A statement letter can be anything from a statement confirming your bank details to your gas company to a legal statement outlining your relationship to any criminal proceedings. It can also be a statement of intent you use to communicate strategy in the improvement of a company or policy in government. Personal statements are letters outlining general suitability for a position when you apply for a job or are applying for higher education. In any case, the language must be clear, unambiguous and support your intentions.
Collect the information you need to include in your letter. Think carefully about the purpose of your letter and make a list or outline of the order you want to include the information.
Put your address and contact details on the top right of the page, the date just below, and the recipient's name and address on the left. If you have any reference IDs or account numbers, include them below the recipient's address. Begin the letter with "Dear Sir or Madam" if you don't know exactly who you are writing to. It's always best to get a name though.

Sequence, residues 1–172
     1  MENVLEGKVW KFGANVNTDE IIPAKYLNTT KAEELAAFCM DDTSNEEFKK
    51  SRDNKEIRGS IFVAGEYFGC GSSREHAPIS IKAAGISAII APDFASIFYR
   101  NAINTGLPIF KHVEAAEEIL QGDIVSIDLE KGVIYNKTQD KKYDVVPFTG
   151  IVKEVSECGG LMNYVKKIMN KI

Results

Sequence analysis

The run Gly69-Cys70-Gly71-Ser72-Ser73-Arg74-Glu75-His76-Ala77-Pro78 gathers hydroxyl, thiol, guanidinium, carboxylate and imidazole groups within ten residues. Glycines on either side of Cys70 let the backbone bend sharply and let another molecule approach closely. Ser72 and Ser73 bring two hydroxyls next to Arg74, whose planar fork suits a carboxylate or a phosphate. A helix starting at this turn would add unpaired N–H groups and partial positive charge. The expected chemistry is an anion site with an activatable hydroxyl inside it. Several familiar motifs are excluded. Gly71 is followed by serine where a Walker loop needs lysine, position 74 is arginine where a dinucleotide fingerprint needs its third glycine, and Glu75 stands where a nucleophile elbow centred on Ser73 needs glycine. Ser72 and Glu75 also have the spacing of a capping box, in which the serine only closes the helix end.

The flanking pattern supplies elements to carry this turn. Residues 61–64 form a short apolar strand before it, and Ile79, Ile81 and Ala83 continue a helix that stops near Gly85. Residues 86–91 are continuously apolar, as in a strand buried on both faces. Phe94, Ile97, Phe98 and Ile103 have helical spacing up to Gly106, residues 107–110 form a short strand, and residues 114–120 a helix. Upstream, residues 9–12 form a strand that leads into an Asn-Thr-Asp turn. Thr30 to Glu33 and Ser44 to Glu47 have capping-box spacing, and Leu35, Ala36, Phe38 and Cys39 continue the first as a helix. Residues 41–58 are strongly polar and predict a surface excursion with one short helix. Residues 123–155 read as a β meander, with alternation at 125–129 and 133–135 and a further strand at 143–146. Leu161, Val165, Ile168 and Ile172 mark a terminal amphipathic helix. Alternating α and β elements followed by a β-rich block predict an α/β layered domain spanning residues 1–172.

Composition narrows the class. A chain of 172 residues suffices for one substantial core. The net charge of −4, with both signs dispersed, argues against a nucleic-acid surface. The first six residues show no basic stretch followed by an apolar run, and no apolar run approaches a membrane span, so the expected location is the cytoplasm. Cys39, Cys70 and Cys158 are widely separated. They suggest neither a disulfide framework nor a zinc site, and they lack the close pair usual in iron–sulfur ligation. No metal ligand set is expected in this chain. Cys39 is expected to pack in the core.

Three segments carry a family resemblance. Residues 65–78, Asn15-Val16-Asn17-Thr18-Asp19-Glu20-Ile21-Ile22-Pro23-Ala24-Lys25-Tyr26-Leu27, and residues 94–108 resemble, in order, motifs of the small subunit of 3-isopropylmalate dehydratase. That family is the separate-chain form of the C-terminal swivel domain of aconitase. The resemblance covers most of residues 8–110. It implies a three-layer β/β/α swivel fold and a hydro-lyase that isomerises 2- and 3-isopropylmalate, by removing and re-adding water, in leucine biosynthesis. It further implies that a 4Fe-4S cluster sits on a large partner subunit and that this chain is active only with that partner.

Begin the letter stating exactly the purpose of the letter. This will give the reader instant knowledge of its purpose. This is not personal correspondence so stick rigidly to the information you are providing.
Justify the purpose of the letter with your data. Use the body of your letter to present the relevant information to support your statement. Wrap up this section in three short paragraphs, about five sentences each.
Finish the letter with a statement of what action you expect to happen next or a declaration that the information provided is true to the best of your knowledge. End by using a generic sign-off, such as "yours faithfully" if you don't know the name of the person, and "yours sincerely" if you do. Finally, sign your name.
If you are writing a criminal statement, enlist the help of a lawyer.
Tips and warnings
- If you are writing a criminal statement, enlist the help of a lawyer.